What he does: Those of the concert-going sort have likely seen the tall and slender, oft-bespectacled young man who sports a baseball cap with its brim flipped up proudly. If it was a Weird Party show, then he would've been hopping about wildly as he summoned forth bass riffs. In addition to being a familiar face about town, Shelby Hohl is a mastermind graphic designer, and chances are good that you've seen several pieces of his work - even if you were unaware it was his. The fact is, Hohl has generated hundreds of concert posters at this point, and his work is consistently among our favorite designs.
He's designed hundreds of posters for both local and national touring artists both for Houston shows and out-of-state shows.
Hohl is also hired four or five times a year to work on video projects ranging from traditional hand-drawn 2D animation to 3D motion graphics and video editing, but his work hardly stops there. Hohl is also an assistant animator on the MAD cartoon show (yes, MAD as in the magazine), which airs on Cartoon Network.
He's been with Free Press Houston since it's inception and has provided artwork and art direction for every major event they've hosted, from Westheimer Block Party to the Free Press Summer Fest. Oh yeah, and he regularly provides illustrations and cover art for FPH's print product.
To top it all off, four years ago Hohl and Mark Armes started their own art group called Funwunce, which he describes as "a loose, ever-growing collective of Houston's and Los Angeles' premier artists and film makers." The common goal of the group is making video and product design for fun.
"We believe that talent does not exist," Hohl explains. "Only hard work and enthusiasm - both traits all humans are inherently born with - and we, to the best of our ability, try to keep everyone in our community involved on video and interactive art projects."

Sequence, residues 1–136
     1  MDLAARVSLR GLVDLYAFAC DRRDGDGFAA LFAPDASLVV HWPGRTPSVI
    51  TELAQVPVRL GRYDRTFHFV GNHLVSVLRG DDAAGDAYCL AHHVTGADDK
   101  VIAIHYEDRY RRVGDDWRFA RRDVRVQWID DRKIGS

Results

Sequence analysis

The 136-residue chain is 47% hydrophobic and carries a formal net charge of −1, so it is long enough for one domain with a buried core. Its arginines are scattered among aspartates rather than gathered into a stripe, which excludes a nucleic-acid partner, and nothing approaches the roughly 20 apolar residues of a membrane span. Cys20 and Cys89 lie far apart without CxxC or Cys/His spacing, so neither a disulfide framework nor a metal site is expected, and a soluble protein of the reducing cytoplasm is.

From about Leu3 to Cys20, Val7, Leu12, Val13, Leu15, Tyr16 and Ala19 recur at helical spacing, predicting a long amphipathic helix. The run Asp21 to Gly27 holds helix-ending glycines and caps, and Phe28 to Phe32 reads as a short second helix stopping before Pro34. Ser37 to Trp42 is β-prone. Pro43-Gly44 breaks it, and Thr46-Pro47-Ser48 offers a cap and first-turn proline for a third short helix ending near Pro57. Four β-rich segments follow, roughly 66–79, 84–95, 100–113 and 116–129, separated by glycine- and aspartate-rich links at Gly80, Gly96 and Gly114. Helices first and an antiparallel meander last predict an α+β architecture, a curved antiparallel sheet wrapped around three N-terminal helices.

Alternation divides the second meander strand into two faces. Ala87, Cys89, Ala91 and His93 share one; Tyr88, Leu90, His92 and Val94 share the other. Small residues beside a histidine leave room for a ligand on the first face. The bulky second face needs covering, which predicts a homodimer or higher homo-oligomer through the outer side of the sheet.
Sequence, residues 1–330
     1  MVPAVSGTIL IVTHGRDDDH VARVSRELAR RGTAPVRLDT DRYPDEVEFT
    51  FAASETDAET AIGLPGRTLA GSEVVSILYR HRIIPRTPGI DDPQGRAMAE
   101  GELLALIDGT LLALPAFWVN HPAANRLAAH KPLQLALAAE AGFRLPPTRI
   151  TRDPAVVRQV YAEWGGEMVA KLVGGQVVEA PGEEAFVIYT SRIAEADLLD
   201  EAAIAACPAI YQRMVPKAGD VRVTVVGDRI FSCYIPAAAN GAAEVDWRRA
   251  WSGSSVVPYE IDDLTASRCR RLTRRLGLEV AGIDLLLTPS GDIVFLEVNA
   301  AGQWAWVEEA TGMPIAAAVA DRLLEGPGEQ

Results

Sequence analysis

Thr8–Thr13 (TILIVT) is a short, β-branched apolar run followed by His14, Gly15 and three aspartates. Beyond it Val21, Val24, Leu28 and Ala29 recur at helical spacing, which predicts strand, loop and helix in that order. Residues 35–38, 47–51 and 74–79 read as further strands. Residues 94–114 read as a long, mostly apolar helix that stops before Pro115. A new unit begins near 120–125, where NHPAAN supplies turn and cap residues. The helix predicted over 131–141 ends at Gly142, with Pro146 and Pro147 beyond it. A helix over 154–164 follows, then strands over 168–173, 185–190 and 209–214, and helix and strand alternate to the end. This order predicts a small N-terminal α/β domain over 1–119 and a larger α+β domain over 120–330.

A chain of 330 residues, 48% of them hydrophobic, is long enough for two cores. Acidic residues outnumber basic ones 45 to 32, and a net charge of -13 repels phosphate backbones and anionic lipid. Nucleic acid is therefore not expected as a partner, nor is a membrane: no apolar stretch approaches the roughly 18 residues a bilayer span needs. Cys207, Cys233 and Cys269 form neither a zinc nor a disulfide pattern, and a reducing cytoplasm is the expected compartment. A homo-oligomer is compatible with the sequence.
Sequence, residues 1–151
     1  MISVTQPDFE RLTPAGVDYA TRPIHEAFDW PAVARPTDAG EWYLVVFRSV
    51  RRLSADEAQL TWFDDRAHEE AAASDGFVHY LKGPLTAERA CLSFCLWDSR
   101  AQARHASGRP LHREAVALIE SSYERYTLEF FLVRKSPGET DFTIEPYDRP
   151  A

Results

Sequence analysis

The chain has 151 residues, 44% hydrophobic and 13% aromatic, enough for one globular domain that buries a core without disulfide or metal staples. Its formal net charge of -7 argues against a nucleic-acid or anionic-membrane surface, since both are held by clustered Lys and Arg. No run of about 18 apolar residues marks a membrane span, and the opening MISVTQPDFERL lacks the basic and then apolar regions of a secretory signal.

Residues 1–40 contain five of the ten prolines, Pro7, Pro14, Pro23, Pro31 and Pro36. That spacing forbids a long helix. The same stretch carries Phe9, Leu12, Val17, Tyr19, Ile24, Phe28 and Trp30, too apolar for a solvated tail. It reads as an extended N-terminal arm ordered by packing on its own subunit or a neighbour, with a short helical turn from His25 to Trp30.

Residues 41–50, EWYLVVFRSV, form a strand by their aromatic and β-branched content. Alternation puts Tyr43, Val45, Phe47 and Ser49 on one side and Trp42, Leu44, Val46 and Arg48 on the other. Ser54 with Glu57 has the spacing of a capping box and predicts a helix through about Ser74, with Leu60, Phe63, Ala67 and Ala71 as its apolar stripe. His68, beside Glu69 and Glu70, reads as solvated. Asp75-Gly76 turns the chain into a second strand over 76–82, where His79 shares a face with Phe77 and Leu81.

Why he likes it: "Ryan Ottea is solely responsible for exposing me to graphic design programs such as Photoshop and Illustrator," Hohl says as he describes his beginnings in the graphic design world. In high school, he was convinced "that the only place the artwork I was drawing would fit in would be the tattoo world, so I focused a lot of efforts into hanging out in the music scene and downtown because that's where I knew all the people I wanted to learn from would be."
Dropping out of high school led to Hohl crashing on Ottea's couch for a few years.
"I would kind of eavesdrop on his interactions with bands and clients hiring him for merchandise and poster artwork, and take mental notes on how to operate as an artist inside the music industry and how to translate the art I already knew how to do into formats that were suited for output into print, web, video, et cetera."
It's his more recent dive into animation that really gets his gears going. "Motion and animation right now is what I consider to be the new Renaissance," says Hohl. "For years, I drew static images of crazy shit that I could always visualize an even more crazy back-story behind. Once I started making flip books and watching those still moments come to life in whatever way I wanted them to was like some Big-Bang shit for me.
"Everything around you is essentially animated, and when you start observing life on levels of how you would re-create it, given all the laws of physics and nature involved, you start seeing everything very differently and all other forms of art kind of seem tame."
What inspires him: "Inspiration comes from everywhere," he says. "I don't usually get what I consider to be genuine inspiration from staring at other's art for hours or surfing the web but rather from lying in a park with a bunch of friends smoking and listening to Lightning Bolt.